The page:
Saturday, 27 November 2010

Northern Quarter: Britain's Best Neighbourhood?

Afflecks Palace. Image from the Manchester Evening News.

The Academy of Urbanism, a think-tank that aims to "extend urban discourse beyond built environment professionals", has awarded Manchester's Northern Quarter the Great Neighbourhood Award in the 2011 Urbanism Awards. At a ceremony in London the Academy, whose members include architects, planners, engineers, developers and designers, announced the Northern Quarter as the winner from an initial short-list that included Belfast's Cathedral Quarter and Glasgow's Pollokshields. The 450 Academicians who make up the organisation were asked to pick a winner from each category based on the results on an assessment visit to each location last summer. Key to the nomination and assessment method was how improved and enduring that urban environment is.

Speaking about the Awards John Thompson, Chairman of The Academy of Urbanism, said: "The Academy of Urbanism created these awards precisely to recognise places ... which have helped transform local quality of life through good design and planning ... the high standard and broad spread of nominees ... inspires confidence in the widespread community-led regeneration that continues to take place across the UK and Ireland." (The Press Release available here). Speaking to BBC Radio Manchester, Mr Thompson added that the Northern Quarter is "one of the most interesting places in the country."

The award has sparked a debate in the city and the country as a whole as to what exactly constitutes a great neighbourhood. Some critics have cited that the Academy, by its very nature of dealing with Urbanism' excludes certain communities however the response from Mr Thompson to this has been to define Urbanism as the "footprint we collectively leave on the planet." Comments on the Manchester Evening News article responding to the award were mixed but on the whole reaction from Mancunians has been positive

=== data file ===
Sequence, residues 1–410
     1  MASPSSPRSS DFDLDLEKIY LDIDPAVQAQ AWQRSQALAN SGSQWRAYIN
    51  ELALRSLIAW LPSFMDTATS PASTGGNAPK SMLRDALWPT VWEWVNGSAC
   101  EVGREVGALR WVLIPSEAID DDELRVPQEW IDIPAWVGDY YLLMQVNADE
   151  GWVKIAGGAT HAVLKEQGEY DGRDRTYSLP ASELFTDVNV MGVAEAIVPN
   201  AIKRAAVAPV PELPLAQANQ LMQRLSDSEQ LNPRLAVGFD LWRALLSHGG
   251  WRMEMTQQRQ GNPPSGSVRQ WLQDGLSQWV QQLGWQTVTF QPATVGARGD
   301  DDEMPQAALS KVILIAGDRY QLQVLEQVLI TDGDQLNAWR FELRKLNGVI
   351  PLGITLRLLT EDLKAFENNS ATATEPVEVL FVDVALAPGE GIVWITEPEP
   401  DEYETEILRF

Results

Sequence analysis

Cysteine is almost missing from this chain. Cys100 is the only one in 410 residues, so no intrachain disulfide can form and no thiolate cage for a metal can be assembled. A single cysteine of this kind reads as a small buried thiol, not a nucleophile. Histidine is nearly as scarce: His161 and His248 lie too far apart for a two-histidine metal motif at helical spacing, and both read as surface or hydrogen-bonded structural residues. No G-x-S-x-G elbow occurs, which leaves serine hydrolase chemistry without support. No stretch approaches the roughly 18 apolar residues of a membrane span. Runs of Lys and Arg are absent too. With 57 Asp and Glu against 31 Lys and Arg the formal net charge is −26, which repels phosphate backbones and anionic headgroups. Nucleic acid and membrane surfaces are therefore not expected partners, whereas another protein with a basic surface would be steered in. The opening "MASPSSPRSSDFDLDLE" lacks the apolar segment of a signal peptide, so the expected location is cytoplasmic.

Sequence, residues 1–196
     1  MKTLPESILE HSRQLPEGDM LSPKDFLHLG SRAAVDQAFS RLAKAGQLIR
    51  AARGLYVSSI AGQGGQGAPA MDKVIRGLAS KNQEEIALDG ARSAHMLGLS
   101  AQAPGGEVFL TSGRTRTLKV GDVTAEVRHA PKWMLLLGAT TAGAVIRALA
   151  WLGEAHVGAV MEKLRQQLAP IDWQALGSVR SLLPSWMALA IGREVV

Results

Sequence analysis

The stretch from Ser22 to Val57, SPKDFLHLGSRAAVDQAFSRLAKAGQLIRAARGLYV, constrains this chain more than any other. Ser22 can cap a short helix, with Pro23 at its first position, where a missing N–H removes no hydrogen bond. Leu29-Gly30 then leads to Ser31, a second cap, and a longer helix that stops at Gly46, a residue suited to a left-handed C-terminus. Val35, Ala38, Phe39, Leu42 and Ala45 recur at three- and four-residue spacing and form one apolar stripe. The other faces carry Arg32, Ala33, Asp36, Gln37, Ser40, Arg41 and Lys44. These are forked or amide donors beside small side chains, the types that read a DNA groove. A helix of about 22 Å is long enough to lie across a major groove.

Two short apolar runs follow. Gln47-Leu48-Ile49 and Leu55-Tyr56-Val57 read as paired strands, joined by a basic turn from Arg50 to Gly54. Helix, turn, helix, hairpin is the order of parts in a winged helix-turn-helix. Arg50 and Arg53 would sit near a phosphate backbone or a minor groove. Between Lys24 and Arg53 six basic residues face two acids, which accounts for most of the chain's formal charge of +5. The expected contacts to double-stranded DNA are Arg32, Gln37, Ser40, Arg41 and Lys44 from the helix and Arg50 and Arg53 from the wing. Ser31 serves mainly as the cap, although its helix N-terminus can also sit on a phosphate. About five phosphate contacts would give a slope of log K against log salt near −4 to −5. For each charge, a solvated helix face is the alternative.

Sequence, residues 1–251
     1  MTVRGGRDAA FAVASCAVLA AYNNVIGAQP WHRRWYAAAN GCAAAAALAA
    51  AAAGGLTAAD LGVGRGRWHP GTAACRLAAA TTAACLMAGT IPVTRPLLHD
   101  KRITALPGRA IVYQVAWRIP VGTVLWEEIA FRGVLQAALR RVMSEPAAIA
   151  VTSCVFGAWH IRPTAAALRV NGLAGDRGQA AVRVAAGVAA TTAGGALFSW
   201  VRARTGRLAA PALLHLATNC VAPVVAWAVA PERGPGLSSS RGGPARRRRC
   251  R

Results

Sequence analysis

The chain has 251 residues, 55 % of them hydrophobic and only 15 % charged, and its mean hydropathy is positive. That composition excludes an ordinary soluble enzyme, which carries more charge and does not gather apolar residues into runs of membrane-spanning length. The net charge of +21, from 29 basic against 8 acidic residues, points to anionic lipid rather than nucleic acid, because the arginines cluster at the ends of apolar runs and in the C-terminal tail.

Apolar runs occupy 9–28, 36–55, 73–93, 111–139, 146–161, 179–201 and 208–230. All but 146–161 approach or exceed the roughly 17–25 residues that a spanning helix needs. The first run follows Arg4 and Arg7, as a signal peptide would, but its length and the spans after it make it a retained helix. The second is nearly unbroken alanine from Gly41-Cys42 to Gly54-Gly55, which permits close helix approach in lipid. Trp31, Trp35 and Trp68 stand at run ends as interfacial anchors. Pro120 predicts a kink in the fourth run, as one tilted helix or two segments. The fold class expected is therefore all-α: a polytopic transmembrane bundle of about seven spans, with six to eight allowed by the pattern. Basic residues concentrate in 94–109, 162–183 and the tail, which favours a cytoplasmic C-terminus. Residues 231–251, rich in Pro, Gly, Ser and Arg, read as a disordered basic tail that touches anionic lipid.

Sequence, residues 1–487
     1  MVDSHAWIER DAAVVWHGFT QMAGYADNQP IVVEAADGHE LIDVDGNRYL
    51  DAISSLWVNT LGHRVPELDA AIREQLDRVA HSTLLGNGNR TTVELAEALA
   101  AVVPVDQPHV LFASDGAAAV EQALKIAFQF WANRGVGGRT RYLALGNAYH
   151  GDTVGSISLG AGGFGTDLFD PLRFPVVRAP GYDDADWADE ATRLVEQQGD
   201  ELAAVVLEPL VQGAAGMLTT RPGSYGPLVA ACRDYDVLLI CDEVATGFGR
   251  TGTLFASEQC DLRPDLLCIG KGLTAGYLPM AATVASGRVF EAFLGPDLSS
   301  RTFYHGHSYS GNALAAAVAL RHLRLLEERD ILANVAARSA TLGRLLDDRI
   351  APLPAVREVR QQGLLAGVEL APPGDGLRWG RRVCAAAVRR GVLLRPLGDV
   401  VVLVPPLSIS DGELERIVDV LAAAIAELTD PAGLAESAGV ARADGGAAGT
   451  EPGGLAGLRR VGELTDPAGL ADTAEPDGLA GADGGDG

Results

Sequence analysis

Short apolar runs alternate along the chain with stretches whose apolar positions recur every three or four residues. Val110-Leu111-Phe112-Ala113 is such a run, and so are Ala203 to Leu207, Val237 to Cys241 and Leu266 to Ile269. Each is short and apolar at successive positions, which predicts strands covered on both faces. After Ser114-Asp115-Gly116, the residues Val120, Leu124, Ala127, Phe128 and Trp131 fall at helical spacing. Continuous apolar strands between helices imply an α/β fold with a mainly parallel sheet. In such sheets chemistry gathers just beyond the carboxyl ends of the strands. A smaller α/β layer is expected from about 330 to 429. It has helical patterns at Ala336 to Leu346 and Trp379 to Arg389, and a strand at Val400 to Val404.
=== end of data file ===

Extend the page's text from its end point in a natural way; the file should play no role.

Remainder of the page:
Manchester City Council's Pat Karney, speaking to the BBC, said he was "pleased as there's a real community feel to the place [and] the warmth of the people  that live and work [there] and the cluster of small business has created a very desirable neighbourhood."

Vaughn allen, chief executive of Cityco, Manchester's city centre, also speaking to the BBC was keen to point out how the Northern Quarter "has transformed itself and diversified, creating an eclectic mix of fashion designers, independent shops, bars, cafes and restaurants, creative agencies and private galleries."

However, Dave Haslam, author and DJ (he DJ'd over 450 times at the legendary Hacienda club) was quick to disagree as to him "a neighbourhood' should be a fertile, intriguing, comfortable mix." He went on to add that "it's increasingly become a spill-over from the Printworks in the evening and some of that arty bohemian thing was part of what made the area special is draining away ... the fact is you never see children in the Northern Quarter - or old people. I imagine a perfect neighbourhood to have a school of a nursery, a park, somewhere for old people to sit and watch the world go by, and so on."

What is clear here is that the term neighbourhood is a loaded one, with different meanings to different people depending upon their own personal experiences of the urban space that makes up their own past, present and visionary (future) neighbourhoods. Something which can not be denied has been the ability of the Northern Quarter to regenerate, re brand and reinvent itself without little private capital investment which has come to symbolise city-centre regeneration projects of the last 20 years.

Thursday, 25 November 2010

Cornerhouse and Library Theatre to Share New Home